To the Editor We read with interest the results of the study of the effect of prenatal residential lead-hazard intervention on residential dust lead loadings, child blood lead concentrations (BLCs), and neurobehavioral outcomes.1 Despite the small number of African American participants, the population most likely to be affected by lead exposure (45 randomized to intervention and 44 randomized to control condition), the effect of the intervention in this small group was large enough that at ages 1 and 2 years, when lead exposure is most likely to result in elevated BLCs and adverse effects, striking reductions in geometric mean BLCs (33.3% and 37.5% at 1 and 2 years; P = .03 and P = .004, respectively) were associated with the intervention. For pediatricians and researchers in inner-city African American communities, anxiety reduction associated with the intervention was an encouraging and interesting finding.1 It is consistent with associations we and others have observed between early-life environmental lead exposure and dysfunction of the subcortical dopaminergic system in animal models.2,3 Dopaminergic hyperactivity is strongly linked to anxiety in both humans and other mammals.4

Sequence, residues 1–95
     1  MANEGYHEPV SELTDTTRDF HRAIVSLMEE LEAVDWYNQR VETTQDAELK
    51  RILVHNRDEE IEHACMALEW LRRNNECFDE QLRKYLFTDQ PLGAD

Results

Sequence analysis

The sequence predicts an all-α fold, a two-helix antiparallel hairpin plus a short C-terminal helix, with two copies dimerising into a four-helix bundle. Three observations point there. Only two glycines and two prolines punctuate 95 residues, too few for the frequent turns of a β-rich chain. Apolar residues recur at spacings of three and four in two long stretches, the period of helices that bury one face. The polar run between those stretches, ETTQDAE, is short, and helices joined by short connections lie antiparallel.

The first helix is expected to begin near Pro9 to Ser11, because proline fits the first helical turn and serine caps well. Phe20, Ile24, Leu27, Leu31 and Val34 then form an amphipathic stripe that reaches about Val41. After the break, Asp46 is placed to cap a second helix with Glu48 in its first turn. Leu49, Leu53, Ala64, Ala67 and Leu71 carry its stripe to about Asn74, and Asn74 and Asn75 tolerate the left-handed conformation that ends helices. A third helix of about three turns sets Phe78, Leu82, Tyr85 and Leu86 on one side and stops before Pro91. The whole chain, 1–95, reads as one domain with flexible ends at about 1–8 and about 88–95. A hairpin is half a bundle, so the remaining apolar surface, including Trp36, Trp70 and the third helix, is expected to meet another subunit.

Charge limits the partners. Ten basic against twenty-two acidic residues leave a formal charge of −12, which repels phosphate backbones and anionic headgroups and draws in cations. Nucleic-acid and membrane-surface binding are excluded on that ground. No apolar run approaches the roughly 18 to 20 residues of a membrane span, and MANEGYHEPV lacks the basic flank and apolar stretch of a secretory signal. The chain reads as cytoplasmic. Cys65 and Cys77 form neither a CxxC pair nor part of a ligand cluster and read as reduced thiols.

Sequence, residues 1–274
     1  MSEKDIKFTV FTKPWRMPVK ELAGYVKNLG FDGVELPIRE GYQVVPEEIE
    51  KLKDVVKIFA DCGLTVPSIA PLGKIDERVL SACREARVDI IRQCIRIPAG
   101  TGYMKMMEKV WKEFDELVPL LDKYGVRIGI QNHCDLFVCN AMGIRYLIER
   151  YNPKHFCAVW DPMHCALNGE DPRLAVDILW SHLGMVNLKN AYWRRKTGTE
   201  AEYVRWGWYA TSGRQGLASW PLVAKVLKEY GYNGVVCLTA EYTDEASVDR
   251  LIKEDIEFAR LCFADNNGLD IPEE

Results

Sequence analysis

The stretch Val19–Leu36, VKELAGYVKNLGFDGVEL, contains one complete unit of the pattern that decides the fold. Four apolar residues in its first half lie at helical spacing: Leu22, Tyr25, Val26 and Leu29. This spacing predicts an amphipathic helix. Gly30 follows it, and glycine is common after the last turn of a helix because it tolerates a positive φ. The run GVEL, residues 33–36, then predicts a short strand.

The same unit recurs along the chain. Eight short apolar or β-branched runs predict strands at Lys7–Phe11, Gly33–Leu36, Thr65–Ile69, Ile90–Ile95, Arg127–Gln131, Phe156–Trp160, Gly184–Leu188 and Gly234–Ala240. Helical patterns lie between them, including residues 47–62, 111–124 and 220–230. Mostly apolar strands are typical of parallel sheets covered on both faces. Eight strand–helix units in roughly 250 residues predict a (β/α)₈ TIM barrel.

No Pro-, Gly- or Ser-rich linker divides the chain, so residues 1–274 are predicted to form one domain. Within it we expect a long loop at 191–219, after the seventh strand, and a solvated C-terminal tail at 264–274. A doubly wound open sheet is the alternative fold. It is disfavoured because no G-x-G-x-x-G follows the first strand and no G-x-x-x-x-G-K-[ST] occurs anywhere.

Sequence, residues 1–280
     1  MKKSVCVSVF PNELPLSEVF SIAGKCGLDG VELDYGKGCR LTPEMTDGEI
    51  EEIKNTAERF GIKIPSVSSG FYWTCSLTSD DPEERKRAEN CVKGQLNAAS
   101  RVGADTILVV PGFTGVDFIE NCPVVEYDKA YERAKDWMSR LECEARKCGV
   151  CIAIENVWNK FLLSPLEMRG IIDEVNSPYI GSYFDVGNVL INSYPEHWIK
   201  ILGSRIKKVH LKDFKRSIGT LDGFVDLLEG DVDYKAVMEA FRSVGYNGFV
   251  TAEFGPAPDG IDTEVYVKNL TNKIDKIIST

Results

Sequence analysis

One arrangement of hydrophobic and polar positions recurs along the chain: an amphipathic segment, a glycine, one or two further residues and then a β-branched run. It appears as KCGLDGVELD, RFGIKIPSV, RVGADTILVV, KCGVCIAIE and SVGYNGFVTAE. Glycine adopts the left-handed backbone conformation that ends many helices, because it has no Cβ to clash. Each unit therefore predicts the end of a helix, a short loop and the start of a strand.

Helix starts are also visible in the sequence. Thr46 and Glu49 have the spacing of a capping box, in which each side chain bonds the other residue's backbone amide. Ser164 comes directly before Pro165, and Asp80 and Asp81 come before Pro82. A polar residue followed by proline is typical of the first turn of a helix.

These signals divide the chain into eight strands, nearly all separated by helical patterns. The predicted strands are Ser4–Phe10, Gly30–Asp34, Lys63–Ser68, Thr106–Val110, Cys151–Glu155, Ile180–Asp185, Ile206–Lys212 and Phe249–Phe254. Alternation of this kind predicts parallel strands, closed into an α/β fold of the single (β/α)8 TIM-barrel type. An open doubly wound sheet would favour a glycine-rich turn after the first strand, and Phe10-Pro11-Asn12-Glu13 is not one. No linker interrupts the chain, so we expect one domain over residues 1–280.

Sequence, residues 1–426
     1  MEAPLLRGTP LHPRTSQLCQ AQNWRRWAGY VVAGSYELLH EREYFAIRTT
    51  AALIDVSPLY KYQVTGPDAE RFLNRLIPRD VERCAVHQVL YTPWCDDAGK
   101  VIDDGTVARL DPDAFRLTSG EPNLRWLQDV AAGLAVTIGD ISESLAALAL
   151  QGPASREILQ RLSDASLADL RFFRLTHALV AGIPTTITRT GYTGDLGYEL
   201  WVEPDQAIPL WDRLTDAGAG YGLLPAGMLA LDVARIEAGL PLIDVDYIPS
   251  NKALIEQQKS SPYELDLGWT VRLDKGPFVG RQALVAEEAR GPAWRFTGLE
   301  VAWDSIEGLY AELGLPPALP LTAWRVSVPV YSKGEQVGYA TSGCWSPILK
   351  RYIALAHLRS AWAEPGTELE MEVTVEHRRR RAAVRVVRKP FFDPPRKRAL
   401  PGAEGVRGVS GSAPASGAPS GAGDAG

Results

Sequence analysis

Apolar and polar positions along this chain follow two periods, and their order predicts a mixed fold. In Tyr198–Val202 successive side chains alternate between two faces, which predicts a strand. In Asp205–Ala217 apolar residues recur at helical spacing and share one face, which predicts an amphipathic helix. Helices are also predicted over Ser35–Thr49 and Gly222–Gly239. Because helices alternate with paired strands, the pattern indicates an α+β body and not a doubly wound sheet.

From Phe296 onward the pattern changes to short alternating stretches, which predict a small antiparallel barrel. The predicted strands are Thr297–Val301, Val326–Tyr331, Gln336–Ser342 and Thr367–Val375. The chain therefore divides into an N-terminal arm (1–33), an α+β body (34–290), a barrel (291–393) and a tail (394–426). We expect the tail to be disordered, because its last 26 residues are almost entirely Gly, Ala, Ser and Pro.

Beck-Sagué CM, Guilarte TR. Residential Lead-Hazard Interventions, Childhood Anxiety, and Cognitive Impairment. JAMA Pediatr. Published online December 28, 2018173(2):198–199. doi:10.1001/jamapediatrics.2018.4710
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